“I went to a doctor who didn’t understand the philosophy behind Natural Family Planning. After [my] miscarriage, I felt like I needed to see somebody who was on the same page and who could speak the same language I was speaking … A friend told me about Reply and I made an appointment with Dr. Rachel Urrutia. I feel like I was meant to see her. She was perfect.” –Rachel R.
8. Check insurance
It’s important to understand your health plan benefits, and generally is recommended to choose a provider in-network to receive affordable care. You’ll want to understand what costs are covered and which costs you will be responsible for. If you don’t have insurance or are choosing to pay privately for any reason, you may want to inquire about payment plans.
Information about which insurance is accepted is usually available on clinic websites; Reply’s accepted insurance plans can be found here and our billing director can answer any questions about costs of services.
9. Become familiar with practice and hospital locations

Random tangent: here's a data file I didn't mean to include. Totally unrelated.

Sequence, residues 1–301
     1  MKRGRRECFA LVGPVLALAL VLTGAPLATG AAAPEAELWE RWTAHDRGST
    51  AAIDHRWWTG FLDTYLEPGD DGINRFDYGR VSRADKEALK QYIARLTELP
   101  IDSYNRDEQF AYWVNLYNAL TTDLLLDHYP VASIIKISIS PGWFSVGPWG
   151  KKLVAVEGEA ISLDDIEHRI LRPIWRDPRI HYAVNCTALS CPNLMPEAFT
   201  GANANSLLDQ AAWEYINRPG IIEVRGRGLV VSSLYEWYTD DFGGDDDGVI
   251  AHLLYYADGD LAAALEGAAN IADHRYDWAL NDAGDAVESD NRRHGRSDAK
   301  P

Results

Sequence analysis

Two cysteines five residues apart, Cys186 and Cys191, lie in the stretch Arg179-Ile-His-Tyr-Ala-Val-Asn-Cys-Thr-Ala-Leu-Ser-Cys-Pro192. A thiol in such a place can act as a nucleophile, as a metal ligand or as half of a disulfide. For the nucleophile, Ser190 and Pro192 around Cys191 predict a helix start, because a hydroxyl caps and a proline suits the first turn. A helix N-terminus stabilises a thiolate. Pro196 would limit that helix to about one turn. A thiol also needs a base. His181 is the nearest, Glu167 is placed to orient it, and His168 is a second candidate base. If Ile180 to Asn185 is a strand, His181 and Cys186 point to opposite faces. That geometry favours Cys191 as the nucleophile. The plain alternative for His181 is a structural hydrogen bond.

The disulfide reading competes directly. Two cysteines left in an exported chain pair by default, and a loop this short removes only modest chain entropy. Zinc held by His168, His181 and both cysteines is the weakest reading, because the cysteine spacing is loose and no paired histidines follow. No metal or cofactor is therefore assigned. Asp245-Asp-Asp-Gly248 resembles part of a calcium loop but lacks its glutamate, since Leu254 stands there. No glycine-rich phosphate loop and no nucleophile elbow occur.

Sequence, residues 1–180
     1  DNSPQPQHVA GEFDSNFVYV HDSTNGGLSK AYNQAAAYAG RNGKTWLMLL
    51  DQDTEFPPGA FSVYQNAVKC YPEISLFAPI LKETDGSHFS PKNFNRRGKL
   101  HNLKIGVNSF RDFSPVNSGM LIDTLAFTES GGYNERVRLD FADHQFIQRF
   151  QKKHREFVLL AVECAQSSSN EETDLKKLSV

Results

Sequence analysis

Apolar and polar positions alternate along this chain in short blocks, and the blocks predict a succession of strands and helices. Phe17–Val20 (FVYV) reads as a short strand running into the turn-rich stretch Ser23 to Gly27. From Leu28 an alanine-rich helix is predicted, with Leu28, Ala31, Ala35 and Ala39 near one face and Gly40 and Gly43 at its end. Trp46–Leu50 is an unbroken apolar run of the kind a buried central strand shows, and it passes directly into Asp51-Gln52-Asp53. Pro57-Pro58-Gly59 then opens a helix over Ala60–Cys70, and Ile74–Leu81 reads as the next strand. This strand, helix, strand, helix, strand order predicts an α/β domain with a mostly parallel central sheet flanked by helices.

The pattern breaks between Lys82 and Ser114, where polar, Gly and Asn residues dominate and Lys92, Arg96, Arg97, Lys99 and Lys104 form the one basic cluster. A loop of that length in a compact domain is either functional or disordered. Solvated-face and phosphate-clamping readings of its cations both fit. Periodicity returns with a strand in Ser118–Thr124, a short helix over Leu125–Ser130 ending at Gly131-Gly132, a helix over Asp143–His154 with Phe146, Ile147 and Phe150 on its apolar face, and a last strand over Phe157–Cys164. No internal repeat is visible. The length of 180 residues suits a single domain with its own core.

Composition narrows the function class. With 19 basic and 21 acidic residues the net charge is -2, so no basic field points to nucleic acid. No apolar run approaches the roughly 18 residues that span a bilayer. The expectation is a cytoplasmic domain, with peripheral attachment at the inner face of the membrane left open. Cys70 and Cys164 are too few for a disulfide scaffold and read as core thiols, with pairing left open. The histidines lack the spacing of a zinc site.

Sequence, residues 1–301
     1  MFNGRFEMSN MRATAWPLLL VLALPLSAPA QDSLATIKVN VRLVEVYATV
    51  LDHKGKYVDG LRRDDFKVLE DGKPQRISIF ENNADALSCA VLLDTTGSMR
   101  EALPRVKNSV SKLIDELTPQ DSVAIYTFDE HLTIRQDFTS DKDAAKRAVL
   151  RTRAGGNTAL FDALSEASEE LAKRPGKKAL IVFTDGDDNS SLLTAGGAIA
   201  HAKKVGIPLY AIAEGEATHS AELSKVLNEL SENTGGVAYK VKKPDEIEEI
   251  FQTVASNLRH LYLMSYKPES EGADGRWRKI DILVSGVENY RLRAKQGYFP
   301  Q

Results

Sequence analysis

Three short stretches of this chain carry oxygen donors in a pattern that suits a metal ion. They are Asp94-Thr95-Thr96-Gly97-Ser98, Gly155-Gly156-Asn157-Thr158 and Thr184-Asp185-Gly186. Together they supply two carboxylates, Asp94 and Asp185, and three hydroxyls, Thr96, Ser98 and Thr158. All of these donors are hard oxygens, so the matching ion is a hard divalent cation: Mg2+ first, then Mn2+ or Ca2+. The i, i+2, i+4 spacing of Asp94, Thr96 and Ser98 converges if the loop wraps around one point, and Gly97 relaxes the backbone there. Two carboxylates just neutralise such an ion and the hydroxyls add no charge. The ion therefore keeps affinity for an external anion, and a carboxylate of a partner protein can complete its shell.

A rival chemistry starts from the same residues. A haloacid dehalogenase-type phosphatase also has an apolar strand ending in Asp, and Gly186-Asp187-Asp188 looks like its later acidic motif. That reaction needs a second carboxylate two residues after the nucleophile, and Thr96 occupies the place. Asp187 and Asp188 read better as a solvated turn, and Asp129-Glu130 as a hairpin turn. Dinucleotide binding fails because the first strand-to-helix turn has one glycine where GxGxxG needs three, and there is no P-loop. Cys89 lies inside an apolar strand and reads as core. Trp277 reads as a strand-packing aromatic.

You might have a strong preference to give birth at a certain hospital—if so, you can check to see which ob/gyn practices deliver there. Or you might do the reverse and find a provider/practice you like, and then have your baby at the hospital they are affiliated with. Either way is fine. Ideally you will not have a long commute, but you may also decide it’s worth a short drive to get what you’re looking for. In addition, some visits can be covered by telehealth, especially during the coronavirus pandemic, eliminating much travel time!
10. Know your rights
Don’t ever forget that you, the patient, are the customer. You deserve competent and respectful care, and you have privacy rights, the right to informed consent, and rights to your own medical records. You may always change your mind about a provider or practice, and arrange to transfer your care elsewhere.
About The Author
Samantha Ratcliffe is a board-certified nurse midwife at Reply Ob/Gyn & Fertility. She received her Master of Science in Women’s Health and Nurse Midwifery from Georgetown University, and completed her residency with AYA Healthcare in San Diego, CA, where she gained experience in labor and delivery as well as high-risk antepartum and intrapartum units. She is passionate about international outreach and has worked to provide gynecologic services to women in several locations including Cuzco, Peru. Mrs. Ratcliffe holds certifications in ALCS, BLS, NRP (Neonatal Resuscitation Program), and Advanced Fetal Monitoring, and is also a licensed fertility educator and breastfeeding counselor.